Ramon Torres had been a U.S. citizen for nearly ten years when he was detained for four days on an immigration hold – despite having a U.S. passport, a Louisiana driver’s license, and a Social Security card, and despite that fact that a court ordered his release.
Torres’ ordeal began in August 2018, when he was pulled over and arrested on suspicion of driving while intoxicated. Torres, a naturalized U.S. citizen since 2009, was carrying multiple forms of identification, including his driver’s license and other security credentials. Torres was booked at the Ascension Parish Jail, and the next day the Parish Court ordered his release.
But Torres wasn’t released. Instead, the Ascension Parish Sheriff’s Office placed an “immigration hold” on Torres on the suspicion that he was unlawfully present in the United States.
The basis for this suspicion? He had a Latinx name and brown skin. Staff at the sheriff’s office explained that they had a policy of detaining all Latinx people for immigration review.
When his friends and family tried to intervene and provide additional documentation proving that Torres is a U.S. citizen, officials in the sheriff’s office still didn’t budge.
Torres spent four days in jail before a lawyer’s involvement finally secured his release.
This was a flagrant violation of Torres’ constitutional rights, and this week the ACLU of Louisiana sued on his behalf.
Racial profiling is illegal, unconstitutional, and deeply harmful to families and communities – diverting scarce resources away from pressing public safety priorities.
What happened to Torres is inexcusable and antithetical to our most cherished American values.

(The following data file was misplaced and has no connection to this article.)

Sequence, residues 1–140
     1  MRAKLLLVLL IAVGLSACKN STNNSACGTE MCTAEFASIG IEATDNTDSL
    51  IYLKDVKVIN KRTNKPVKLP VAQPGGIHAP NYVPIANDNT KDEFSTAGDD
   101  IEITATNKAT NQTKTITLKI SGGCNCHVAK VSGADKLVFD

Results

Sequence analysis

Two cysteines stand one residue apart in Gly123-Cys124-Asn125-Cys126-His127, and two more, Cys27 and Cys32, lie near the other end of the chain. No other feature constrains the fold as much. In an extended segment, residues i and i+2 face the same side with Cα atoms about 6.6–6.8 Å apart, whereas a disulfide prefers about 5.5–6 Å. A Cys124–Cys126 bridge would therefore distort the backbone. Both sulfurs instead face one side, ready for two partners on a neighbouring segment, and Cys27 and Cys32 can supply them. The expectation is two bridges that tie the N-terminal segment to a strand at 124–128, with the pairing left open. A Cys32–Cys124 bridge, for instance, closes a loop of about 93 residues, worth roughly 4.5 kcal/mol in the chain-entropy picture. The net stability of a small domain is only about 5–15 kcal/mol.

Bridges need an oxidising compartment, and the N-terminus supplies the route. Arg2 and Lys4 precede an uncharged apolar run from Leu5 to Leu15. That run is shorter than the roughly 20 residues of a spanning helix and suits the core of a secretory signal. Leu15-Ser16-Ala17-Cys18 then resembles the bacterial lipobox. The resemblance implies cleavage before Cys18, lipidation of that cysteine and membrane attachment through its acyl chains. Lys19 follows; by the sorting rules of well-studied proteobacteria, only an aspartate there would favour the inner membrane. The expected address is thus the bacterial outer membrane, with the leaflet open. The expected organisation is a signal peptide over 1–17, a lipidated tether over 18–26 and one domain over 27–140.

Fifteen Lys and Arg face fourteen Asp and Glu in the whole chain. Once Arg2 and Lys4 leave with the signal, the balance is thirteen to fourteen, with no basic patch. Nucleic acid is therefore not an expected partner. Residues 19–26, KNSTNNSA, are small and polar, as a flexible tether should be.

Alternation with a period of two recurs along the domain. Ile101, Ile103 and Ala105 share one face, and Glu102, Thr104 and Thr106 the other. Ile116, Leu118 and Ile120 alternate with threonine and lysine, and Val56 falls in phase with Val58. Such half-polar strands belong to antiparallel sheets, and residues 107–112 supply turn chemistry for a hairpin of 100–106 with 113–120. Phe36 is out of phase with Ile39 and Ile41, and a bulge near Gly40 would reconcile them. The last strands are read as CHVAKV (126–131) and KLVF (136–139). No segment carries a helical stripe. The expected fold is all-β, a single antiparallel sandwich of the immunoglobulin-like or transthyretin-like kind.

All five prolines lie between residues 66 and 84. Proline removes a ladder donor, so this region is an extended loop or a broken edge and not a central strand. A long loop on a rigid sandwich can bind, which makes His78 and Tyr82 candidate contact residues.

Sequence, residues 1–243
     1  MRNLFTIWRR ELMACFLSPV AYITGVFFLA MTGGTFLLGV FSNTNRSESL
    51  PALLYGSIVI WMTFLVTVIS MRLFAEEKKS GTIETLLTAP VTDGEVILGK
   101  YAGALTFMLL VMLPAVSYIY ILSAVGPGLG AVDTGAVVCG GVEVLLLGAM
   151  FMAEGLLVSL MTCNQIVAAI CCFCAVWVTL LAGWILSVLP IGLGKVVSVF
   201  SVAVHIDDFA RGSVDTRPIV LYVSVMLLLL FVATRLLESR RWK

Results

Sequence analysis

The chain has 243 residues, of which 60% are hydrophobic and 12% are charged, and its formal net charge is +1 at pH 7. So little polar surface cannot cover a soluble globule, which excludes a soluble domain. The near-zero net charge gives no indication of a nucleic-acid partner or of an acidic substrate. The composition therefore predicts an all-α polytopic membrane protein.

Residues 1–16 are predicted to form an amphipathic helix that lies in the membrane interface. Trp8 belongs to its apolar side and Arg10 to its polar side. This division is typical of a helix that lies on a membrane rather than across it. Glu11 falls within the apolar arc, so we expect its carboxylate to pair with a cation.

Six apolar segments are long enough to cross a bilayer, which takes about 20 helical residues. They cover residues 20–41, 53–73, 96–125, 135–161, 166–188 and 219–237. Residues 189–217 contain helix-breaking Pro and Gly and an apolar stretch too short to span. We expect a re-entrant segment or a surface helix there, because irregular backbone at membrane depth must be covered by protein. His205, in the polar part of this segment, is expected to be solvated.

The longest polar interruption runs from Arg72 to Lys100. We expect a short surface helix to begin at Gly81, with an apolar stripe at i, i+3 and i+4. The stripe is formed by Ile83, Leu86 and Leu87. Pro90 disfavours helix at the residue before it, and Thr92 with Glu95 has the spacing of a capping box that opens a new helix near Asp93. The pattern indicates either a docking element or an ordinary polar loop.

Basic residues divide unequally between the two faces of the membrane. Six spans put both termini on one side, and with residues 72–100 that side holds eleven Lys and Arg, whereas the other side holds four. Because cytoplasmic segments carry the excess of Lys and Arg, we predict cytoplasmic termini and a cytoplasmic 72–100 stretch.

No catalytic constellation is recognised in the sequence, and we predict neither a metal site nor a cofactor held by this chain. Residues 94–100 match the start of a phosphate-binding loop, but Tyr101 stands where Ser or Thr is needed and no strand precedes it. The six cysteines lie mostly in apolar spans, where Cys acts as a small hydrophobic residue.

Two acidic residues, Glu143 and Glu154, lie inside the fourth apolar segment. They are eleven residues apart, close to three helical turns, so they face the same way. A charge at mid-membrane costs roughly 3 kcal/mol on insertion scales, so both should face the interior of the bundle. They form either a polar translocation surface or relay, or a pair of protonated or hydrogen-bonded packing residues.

Unfortunately, this is what happens when local law enforcement authorities get in the business of federal immigration enforcement. From Sheriff Joe Arpaio’s reign of terror in Arizona to the Trump administration’s mass deportation and detention agenda, immigrant communities are being unfairly targeted, harassed, and terrorized by the very law enforcement agencies that should be protecting them.
It’s also a reminder of the thinly-veiled racism that underlies these policies. Ramon Torres is a U.S. citizen. He owns a home. He has a driver’s license and other forms of proof of his identity. But he was held in jail because of his Latinx name and the color of his skin.
Our lawsuit asks the court to declare these actions unconstitutional and to award damages to Torres for what he endured. But more broadly, we must also continue the fight against all forms of anti-immigrant bias and discrimination. The safety and wellbeing of our communities depend on it.
Katie Schwartzmann is a Legal Director with the American Civil Liberties Union of Louisiana.
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